Newswise — CHICAGO: As firearm deaths continue to increase in the United States,1 the American College of Surgeons (ACS) Improving Social Determinants to Attenuate Violence (ISAVE) task force outlined steps the medical community must take to understand and address the root causes of firearm violence. At a panel presentation during the 2020 ACS Clinical Congress, the multidisciplinary taskforce urged health care leaders to treat firearm violence as a public health crisis, understand its social causes, and develop interventions to address them.

“Despite dramatic increases in firearm deaths, solutions to the problem continue to be mired in polar political battles,” said Eileen Bulger, MD, FACS, Chair of the ACS Committee on Trauma (COT). “We need to see this as a public health problem, so we can finally take meaningful action to reduce firearm deaths.”

Panelist Earl Frederick, MD, an emergency medicine physician and consulting medical director at NextLevel Health, Chicago, noted that 78 percent of the variation in firearm violence between communities can be attributed to social factors, including racial residential segregation, educational attainment, marital status, household income, and geographic location.

“Violent crime is a public health problem, yet we use criminal justice tools to solve it and wonder why things keep getting worse,” he said. Mass incarceration has been shown to contribute to violent crime, community destabilization, and racial disparities, yet the United States continues to spend two to five times more on incarceration than education, Dr. Frederick said.

During the discussion, members of the ISAVE taskforce outlined steps to reduce firearm violence by addressing social factors, including: 

  • Helping trauma survivors cope with the aftermath of a traumatic event and heal by implementing trauma-informed care in more trauma centers. Recognizing that many victims of violence have suffered through multiple episodes of trauma in their lives, this approach aims to reduce patient fear and anxiety, encourage steps to build trust between providers and patients, encourage respect for patient privacy, and promote ways for patients to collaborate on their care decisions.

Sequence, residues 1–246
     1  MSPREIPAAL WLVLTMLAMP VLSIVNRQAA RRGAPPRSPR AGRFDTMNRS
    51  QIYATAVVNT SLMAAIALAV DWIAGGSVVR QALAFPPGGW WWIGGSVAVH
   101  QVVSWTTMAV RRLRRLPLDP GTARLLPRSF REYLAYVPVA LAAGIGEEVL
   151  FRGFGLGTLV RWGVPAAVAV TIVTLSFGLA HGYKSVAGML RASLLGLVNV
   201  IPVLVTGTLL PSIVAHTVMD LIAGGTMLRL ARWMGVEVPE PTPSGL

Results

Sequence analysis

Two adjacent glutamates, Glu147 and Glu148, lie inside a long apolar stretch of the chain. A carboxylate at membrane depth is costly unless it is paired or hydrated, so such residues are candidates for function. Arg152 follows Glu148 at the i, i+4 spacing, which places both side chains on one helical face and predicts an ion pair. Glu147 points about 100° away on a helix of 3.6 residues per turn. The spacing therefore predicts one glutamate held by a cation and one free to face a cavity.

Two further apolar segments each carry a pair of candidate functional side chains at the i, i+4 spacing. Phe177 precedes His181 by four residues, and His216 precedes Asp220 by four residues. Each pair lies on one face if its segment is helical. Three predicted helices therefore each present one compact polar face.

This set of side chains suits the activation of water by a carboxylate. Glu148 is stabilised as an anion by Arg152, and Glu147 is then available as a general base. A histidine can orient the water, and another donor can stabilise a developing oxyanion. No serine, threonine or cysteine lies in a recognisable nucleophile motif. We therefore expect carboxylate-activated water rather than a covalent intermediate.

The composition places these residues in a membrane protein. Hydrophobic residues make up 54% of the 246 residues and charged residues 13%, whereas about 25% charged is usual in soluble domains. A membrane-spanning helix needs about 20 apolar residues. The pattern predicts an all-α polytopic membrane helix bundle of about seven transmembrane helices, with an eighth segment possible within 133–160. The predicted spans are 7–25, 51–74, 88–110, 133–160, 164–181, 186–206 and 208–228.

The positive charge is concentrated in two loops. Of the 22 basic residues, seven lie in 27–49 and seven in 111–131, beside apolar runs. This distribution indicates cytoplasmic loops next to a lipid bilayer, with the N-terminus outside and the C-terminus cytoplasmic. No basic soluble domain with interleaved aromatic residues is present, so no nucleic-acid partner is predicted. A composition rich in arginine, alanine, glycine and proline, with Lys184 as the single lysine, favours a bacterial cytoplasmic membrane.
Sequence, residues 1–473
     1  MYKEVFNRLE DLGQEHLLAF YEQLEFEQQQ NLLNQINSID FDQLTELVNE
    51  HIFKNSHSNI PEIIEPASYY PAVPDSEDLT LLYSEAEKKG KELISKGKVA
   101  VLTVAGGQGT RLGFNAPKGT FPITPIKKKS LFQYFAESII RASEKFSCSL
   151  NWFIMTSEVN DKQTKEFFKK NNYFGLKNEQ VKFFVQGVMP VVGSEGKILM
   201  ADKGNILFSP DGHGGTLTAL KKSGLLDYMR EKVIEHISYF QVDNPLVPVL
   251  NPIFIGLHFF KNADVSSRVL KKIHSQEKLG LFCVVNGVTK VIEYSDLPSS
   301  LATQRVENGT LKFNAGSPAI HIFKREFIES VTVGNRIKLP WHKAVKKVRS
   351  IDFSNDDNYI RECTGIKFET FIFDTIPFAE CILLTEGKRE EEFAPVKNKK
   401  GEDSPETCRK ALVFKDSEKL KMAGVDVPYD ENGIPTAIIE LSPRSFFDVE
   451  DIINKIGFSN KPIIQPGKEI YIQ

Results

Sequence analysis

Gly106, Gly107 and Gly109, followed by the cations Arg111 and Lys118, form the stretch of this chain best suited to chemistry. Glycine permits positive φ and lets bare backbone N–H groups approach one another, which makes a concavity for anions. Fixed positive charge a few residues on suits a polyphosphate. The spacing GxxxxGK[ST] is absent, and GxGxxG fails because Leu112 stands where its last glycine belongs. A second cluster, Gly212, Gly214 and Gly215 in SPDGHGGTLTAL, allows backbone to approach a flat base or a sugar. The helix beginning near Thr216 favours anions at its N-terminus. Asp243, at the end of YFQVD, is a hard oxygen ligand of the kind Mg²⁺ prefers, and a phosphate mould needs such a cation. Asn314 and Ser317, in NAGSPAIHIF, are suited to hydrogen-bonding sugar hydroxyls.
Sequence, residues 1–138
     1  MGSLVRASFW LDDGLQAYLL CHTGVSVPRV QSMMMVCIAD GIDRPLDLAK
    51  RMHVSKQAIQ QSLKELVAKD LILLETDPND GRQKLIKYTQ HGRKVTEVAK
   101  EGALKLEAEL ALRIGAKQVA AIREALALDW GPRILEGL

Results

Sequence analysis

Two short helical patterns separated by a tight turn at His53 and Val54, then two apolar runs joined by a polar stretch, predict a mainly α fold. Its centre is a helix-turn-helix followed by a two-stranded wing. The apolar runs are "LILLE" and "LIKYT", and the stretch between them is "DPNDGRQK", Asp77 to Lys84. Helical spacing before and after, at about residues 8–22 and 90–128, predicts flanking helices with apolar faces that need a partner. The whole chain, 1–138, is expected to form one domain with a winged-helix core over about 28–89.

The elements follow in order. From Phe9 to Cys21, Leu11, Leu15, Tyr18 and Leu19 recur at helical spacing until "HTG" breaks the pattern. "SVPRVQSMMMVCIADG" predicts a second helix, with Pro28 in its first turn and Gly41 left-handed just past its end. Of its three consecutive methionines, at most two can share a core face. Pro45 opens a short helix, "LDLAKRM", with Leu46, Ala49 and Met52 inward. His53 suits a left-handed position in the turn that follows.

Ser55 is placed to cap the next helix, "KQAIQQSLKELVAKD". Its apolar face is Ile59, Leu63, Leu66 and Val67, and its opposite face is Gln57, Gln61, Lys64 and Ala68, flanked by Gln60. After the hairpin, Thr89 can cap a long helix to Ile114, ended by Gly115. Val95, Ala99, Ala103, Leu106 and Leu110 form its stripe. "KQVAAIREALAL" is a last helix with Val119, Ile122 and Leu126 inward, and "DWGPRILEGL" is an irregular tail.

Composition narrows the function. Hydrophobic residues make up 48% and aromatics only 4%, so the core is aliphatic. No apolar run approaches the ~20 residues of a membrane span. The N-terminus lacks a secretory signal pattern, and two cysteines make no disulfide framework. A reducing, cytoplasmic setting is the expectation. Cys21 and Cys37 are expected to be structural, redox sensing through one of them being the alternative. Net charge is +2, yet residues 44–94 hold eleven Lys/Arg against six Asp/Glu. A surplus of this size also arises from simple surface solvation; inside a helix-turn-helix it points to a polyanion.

• Training more physicians in basic social work principles and more closely integrating social care and medical care into a patient’s care plan.
  • Creating a roadmap for investment in at-risk communities to improve health equity and increase safety. Areas of focus will include public and mental health, residential desegregation, affordable housing, early childhood development, education and vocational training, small business and local infrastructure investment, community cleanup, and establishing a living wage.

“We know we can’t solve this problem with medical care alone,” said ISAVE Chair Rochelle Dicker, MD, FACS, professor of surgery and anesthesia and vice chair for critical care, UCLA Medical Center, Los Angeles. “Fundamentally, a change in mindset is key for the medical community to be able to take effective action on firearm violence.”

The ISAVE taskforce is producing several outputs useful to trauma centers and ultimately to the people they serve, including a manuscript outlining steps to address the social factors of firearm violence. Simultaneously, it will develop a curriculum for trauma-informed care that will be piloted in several trauma centers in early 2021, with the goal of releasing it to trauma centers for broad use. It will also develop roadmaps for integrating social care into trauma care, as well as outline concepts and concrete examples of how trauma centers can invest in their communities. All of these ISAVE themes will be supported by advocacy to gain local support and shape policy.

“We know how to solve this problem,” said Ronald M. Stewart, MD, FACS, Medical Director, ACS Trauma Programs. “Decades ago, we took a public health approach to motor vehicle deaths, and they have steadily declined since. We can replicate that success by taking a similar approach to preventing firearm deaths. This means working together to understand and address the root causes of violence, while making firearm ownership as safe as possible.”

“If we are going to address the root causes of violence, we must commit to building communities that advance health and wellness for all people,” said Dr. Bulger. “Treating firearm violence not as a political issue but a public health issue is the first step in helping us end this epidemic in our country.”

"FACS" designates that a surgeon is a Fellow of the American College of Surgeons. 

Citation: Addressing the Social Determinants to Reduce Firearm Violence, panel session,  American College of Surgeons Clinical Congress 2020, October 6, 2020.


1 National Center for Health Statistics. All injuries. Available at: Updated February 28, 2020. Accessed October 1, 2020.

2 Goin DE, Rudolph KE, Ahern J. Predictors of firearm violence in urban communities: A machine-learning approach. Health Place. 2018;51:61-67. doi: 10.1016/j.healthplace.2018.02.013


About the American College of Surgeons 
The American College of Surgeons is a scientific and educational organization of surgeons that was founded in 1913 to raise the standards of surgical practice and improve the quality of care for all surgical patients. The College is dedicated to the ethical and competent practice of surgery. Its achievements have significantly influenced the course of scientific surgery in America and have established it as an important advocate for all surgical patients. The College has more than 82,000 members and is the largest organization of surgeons in the world. For more information, visit